Join Date: Jul 2008
Location: Higgins, TX. YeeHaw!!
I think if I were in your position, I would look to re-home the filly. She's got excellent bloodlines so you could market her as a ranch/cutting/sorting/working cow horse prospect and get a bit more money for her than just advertising her as an average filly.
I'm telling you, bloodlines like that will bring money, even in this crappy market.
Also, my experience with cutting bred horses like your filly, training them isn't for the faint of heart. They are quick and agile and energetic....and smart. Generally not the best combination for success when you don't have training experience. If you are truly interested in keeping the filly, I strongly suggest you involve a good trainer to help you with her. That way, you have the best chance of getting her broke enough to be safe with your kids, or the trainer will let you know if they don't believe she would be suitable for novice riders.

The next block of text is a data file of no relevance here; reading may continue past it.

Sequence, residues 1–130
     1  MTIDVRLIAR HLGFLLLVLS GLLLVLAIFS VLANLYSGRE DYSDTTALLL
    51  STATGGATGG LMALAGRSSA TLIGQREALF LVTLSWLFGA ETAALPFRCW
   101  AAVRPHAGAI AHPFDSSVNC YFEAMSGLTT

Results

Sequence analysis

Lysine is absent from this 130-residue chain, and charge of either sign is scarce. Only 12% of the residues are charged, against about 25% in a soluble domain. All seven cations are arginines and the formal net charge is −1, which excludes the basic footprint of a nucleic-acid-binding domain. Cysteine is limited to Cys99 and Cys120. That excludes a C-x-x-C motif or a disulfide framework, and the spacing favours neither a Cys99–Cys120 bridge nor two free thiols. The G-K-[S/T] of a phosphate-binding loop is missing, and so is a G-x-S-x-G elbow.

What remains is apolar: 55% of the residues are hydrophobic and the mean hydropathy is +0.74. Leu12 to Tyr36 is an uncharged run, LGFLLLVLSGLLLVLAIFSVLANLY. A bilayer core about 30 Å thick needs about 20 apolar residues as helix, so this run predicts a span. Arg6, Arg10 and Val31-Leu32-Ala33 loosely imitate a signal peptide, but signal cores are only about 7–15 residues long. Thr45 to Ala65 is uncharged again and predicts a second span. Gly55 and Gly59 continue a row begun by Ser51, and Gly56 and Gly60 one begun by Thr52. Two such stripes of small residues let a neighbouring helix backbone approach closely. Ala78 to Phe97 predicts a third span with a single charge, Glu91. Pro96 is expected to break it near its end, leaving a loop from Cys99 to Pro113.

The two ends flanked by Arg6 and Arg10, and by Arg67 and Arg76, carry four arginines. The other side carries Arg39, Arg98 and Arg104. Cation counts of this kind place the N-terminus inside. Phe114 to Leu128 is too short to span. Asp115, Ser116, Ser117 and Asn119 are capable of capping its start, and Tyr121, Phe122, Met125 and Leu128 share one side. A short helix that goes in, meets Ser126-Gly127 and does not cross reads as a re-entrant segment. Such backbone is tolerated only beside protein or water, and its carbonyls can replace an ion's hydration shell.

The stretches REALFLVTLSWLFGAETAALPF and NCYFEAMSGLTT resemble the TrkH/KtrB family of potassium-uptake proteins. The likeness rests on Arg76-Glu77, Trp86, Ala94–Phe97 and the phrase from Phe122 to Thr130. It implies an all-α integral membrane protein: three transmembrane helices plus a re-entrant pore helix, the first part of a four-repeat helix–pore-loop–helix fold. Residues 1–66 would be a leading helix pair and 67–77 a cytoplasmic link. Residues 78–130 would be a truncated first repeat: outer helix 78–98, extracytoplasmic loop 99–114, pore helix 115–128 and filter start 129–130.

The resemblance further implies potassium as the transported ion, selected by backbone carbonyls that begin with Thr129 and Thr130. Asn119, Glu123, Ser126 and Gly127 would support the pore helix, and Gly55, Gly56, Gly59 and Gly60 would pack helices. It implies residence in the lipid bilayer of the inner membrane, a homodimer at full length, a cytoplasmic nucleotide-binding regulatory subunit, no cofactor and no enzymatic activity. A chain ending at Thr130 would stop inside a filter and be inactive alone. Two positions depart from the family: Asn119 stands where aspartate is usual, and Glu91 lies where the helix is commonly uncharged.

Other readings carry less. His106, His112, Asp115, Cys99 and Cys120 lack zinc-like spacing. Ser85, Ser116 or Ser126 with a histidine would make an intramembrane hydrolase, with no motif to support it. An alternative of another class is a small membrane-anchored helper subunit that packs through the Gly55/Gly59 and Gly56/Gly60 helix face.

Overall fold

As for feeding, I don't generally believe in feeding sweet feed to anything. All of mine get nothing but good quality grass hay and fresh grass when there is some. They also have free access to a mineral block and they all stay fat and slick and healthy. Oh, and make sure you get the mineral lick designed for horses. Some that are designed for cattle have ingredients that can make a horse very sick or even kill it.
Always remember that feeling of looking at a big, open country over the ears of a good horse, seeing a new trail unwind ahead of you, and that ever-spectacular view from the top of the ridge!!! Follow my training blog: http://robertsontraining.blogspot.com/